The recent percolation in the market of heterogeneous or co-processing solutions may be viewed as a response to this capacity/capability gap and the opportunity to use the new silicon area offered by Moore’s law for something other than CPU cores. Once programmers understand multi-level parallelism is required or they reach the scaling limits of their problem, adopting a novel platform to achieve more performance does not seem unreasonable.

The Landscape of Heterogeneous Processing

The landscape of Heterogeneous HPC can be viewed as a continuum when parallelism is plotted along the horizontal axis and core complexity along the vertical (see figure below). At the extremes, CPUs are moderately parallel (2 to 4 cores) but highly complex while FPGAs are massively parallel with hundreds of thousands of very simple processing elements. GPUs and others heterogeneous elements fall in between. It’s interesting to note that multicores are moving down and to the right in this chart with more, simpler cores; an evolutionary approach advocated by the Berkeley report on parallel computing, while FPGAs may be moving up and to the left by including more specialized hard-cores such as DSP blocks. There is no reason to believe a-priori that all applications will map optimally to a CPU architecture. Additionally, the relative complexity of writing codes for each platform needs to be considered.
Complexity Parallelism Chart

Our experience has been that development times for CPU:GPU:FPGA are roughly 1:1.25:3 for the same algorithm. This assumes a full-up parallel CPU optimization using low-level parallelism (SSE) and high-level parallelism (MPI) on the CPU, a CUDA implementation on the GPU and HDL coding for the FPGA by skilled programmers. When does it make sense to implement heterogeneous solutions? Key considerations are how well your algorithm maps to the platform and the operational use case.

Choosing Your Co-Processor

CPUs are obviously the default platform of choice with great clock speed, the ability to handle branching well and relatively easy coding. If your algorithm has a lot of branching and can’t be cast in a streaming or SIMD type formulation, CPUs are your best choice. If your algorithm is a floating point SIMD type problem that can be divided up into many independent threads doing the same operations on different data, GPUs may be a good choice. GPU programming is slightly more complicated than the full-up CPU optimization. It sometimes requires recasting the problem and the cache, or shared memory must be manually managed to achieve performance. If your problem is mainly integer or fixed point, can be cast into a streaming form, has non-traditional data representations and is spatially parallel, that is, able to be written as many independent calculation pipes, FPGAs may be an excellent choice.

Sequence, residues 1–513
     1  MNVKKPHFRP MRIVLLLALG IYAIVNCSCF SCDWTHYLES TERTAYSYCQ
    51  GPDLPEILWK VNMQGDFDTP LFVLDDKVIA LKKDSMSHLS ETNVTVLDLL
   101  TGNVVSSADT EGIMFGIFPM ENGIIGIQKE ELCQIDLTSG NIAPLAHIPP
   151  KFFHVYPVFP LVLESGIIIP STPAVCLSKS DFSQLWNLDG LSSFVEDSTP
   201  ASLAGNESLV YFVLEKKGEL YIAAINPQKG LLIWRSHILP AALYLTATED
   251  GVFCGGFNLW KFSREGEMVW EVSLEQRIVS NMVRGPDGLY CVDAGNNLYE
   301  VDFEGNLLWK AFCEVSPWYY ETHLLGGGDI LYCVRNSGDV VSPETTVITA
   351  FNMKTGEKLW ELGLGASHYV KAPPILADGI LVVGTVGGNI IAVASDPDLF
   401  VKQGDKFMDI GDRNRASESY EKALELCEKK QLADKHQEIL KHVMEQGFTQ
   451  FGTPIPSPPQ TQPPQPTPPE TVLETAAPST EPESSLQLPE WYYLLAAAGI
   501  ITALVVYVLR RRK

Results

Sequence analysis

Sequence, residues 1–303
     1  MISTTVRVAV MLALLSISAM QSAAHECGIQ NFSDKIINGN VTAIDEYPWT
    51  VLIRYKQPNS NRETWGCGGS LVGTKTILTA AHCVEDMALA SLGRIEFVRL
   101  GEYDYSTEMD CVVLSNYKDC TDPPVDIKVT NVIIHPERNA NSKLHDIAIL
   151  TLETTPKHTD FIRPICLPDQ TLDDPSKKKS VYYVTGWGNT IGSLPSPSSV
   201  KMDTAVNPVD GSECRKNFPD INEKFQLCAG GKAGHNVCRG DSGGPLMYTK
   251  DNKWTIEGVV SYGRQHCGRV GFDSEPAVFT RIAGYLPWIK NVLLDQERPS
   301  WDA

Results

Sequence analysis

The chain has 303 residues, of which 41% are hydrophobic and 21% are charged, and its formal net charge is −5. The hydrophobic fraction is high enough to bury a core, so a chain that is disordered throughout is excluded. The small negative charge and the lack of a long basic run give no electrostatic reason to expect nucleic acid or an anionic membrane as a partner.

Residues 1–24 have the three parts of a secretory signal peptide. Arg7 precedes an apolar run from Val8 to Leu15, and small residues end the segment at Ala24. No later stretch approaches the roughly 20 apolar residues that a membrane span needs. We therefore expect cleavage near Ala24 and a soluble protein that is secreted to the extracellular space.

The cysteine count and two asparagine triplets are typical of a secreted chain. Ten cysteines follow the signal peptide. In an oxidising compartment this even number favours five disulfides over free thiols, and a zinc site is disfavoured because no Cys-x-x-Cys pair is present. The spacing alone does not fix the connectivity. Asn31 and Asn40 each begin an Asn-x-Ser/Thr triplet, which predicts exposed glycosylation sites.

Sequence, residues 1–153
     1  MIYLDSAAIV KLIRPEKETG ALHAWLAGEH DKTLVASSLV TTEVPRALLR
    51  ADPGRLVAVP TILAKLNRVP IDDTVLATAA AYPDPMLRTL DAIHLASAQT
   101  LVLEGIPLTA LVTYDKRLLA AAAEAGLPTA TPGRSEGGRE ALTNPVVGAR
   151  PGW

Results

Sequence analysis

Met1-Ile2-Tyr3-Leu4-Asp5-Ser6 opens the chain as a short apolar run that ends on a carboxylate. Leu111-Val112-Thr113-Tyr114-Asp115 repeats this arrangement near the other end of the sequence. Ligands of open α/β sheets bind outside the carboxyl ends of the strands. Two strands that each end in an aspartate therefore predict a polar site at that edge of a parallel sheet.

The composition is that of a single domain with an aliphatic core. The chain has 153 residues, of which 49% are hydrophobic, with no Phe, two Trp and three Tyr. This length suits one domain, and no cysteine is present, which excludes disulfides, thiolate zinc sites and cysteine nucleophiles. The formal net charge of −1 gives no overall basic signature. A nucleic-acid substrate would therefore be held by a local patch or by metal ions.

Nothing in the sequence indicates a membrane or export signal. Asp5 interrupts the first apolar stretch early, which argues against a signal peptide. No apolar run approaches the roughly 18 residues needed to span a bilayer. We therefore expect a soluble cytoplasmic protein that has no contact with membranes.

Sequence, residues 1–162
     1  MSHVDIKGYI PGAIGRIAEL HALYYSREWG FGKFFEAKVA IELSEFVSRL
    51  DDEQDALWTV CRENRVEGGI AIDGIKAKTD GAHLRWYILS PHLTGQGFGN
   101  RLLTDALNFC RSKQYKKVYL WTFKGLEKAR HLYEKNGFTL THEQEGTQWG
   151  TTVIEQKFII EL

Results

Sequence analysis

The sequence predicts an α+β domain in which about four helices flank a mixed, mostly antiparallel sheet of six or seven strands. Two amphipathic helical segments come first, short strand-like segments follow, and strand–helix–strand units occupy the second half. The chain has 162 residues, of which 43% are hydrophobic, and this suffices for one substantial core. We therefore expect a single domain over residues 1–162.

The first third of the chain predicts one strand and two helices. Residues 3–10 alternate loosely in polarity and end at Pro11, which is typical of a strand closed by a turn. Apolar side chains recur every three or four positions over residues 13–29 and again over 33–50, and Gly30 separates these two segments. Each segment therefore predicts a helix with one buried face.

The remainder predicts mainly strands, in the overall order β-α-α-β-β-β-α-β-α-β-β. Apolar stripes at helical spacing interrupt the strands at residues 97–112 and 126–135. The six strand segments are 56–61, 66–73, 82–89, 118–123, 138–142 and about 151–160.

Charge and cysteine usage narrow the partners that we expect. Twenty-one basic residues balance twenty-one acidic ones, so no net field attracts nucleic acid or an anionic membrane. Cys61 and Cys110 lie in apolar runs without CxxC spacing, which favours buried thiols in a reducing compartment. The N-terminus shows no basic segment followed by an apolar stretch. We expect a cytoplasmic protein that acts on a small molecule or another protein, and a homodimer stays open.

Another consideration is the operational mode of your application. Is it under constant development or does development proceed for a time with long operational periods that follow in which the code is essentially run 24/7 in production mode? The latter situation justifies the cost required to port code to a heterogeneous platform and invest in the required hardware since it will be balanced by higher performance and lower operational power consumption per flop.

The Need for Speed

There are a few ways that high performance is actually achieved and they are nicely and symmetrically summarized by both space and time considerations. (This is particularly satisfying for a physicist.) Performance is achieved temporally by 1) operating on data faster with a higher clock speed and 2) implementing temporal parallelism (deep pipelines) for concurrence in time; and spatially by 1) moving data faster and 2) implementing spatial parallelism for concurrence in space (multiple parallel threads). Heterogeneous platforms differ by their relative strengths and weaknesses in one or more of these areas.


Seen in the context of the decided move to on-chip parallelism and the limits of computing on large clusters of commodity chips, heterogeneous co-processing fills a market gap that is not soon to disappear. Developers today are confronted with multi-level parallelism that spans the domain, process, thread and even the bit level in their traditional CPU-based systems. Confronted with this complexity and the requirements for better performance, they are considering alternate uses of the silicon in non-traditional platforms — GPUs, FPGAs and ASICs — to achieve their requirements.

About the Author